New Orleans: Breakfast, Lunch, and Dinner

3 classic meals in the Big Easy (and how to make them at home)

Street performer in French Quarter

New Orleans, no matter how battered by circumstance, keeps on cooking. For almost three centuries, it has suffered fires, floods, and battles under the flags of three nations. Hurricane Katrina dealt perhaps the biggest blow, yet since 2005 the city has become a hotbed of experimentation in schooling, housing redevelopment, and, of course, cuisine. New Orleans is now home to more restaurants than before the storm, testament to the role of food here, a fact all the more amazing given that the population hasn’t fully rebounded and tourism remains down by about 16 percent.

Something old, something new, and always uniquely local: that’s New Orleans―its food and its cooks. Take celebrated Chef Donald Link, author of Real ­Cajun and proprietor of Cochon and Herbsaint, two popular restaurants. Link is a German Cajun from western Louisiana who sells Italian-style cured meats (and a remarkable duck pastrami) at his celebrated new charcuterie and sandwich shop, Cochon Butcher. “New Orleans,” Link says with wry understatement, “is a city that has had a lot of culinary influences.”

Long may it be that way. Those of us who might have worried about New Orleans can rest assured that the city’s food culture (steeped, ­admittedly, in equal parts butter and tradition) remains unbowed.

We chose three iconic specialties from the Big Easy: each emblematic, each delicious, and each, now, lightened up for a brighter, healthier ­tomorrow. Click on the recipe links to get an authentic taste of this inimitable city without leaving your kitchen.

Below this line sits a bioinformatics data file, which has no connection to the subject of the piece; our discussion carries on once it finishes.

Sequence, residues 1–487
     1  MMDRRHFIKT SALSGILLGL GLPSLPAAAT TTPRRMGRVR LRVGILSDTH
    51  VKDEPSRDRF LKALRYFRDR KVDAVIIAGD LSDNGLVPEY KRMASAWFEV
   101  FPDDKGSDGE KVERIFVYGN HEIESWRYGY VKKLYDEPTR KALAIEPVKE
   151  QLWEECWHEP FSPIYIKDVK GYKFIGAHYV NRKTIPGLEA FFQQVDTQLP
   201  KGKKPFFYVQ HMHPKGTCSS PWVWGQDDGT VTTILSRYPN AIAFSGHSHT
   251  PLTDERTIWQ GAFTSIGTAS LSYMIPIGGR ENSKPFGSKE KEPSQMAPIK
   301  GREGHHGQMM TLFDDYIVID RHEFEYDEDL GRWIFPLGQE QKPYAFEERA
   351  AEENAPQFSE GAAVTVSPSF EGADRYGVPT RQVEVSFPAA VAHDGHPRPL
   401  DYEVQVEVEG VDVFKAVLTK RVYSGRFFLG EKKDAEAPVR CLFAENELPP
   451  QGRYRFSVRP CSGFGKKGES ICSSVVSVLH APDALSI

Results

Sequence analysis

BREAKFAST: Pain Perdu at Cafe Adelaide

This New Orleans take on French toast is custardy, rich, and indulgent -- the perfect way to start any day in the Big Easy. You can order it at Cafe Adelaide, named for Adelaide Brennan, the redheaded grand dame of the NoLa restauranteur family that brought us the likes of Commander's Palace and Brennan's. Our lightened version of Pain Perdu uses reduced-fat milk and just 4 teaspoons of butter. 

Go there: Cafe Adelaide (504) 595-3305
Make it at home: Cooking Light  Pain Perdu recipe

LUNCH: Muffulettas at Central Grocery or Link's Cochon Butcher

The first muffuletta was created at the Central Grocery on Decatur Street. This hubcap-sized bit of business (one is big enough for two or even a small family) offers testimony to the ­Sicilians whose grocery shops once dominated the French Quarter. Now, as then, Central Grocery serves a delicious muffuletta composed of Italian cured meats and provolone layered on round bread, then topped with a tangy olive spread. Seating is scant; for a more ­relaxed experience, try an upscale (and smaller) version made with house-cured meats and high-quality cheese at Link’s Cochon Butcher (504-588-7675, cochonbutcher.com). We captured the essence of this sandwich by swapping some of the high-sodium, high-fat meats for chicken breast, which allows for a satisfying portion.

Go there: Central Grocery (504) 523-1620 orLink's Cochon Butcher (504) 588-7675
Make it at home: Cooking Light  Muffulettas recipe

DINNER: Shrimp Étouffée at Galatoire's

This seasoned stew, often roux-based, is traditionally made with ­crawfish harvested from Louisiana wetlands. Home cooks might not easily find “mudbugs” in their grocery, but shrimp make a perfectly acceptable ­substitute. It’s a popular dish in many of the city’s enduring restaurants, including Galatoire’sOur take on this classic still achieves strong flavor, but with salt-free Cajun seasoning and less butter in the roux.

Go there: Galatoire's (504) 525-2021
Make it at home: Cooking Light Shrimp Étouffée recipe

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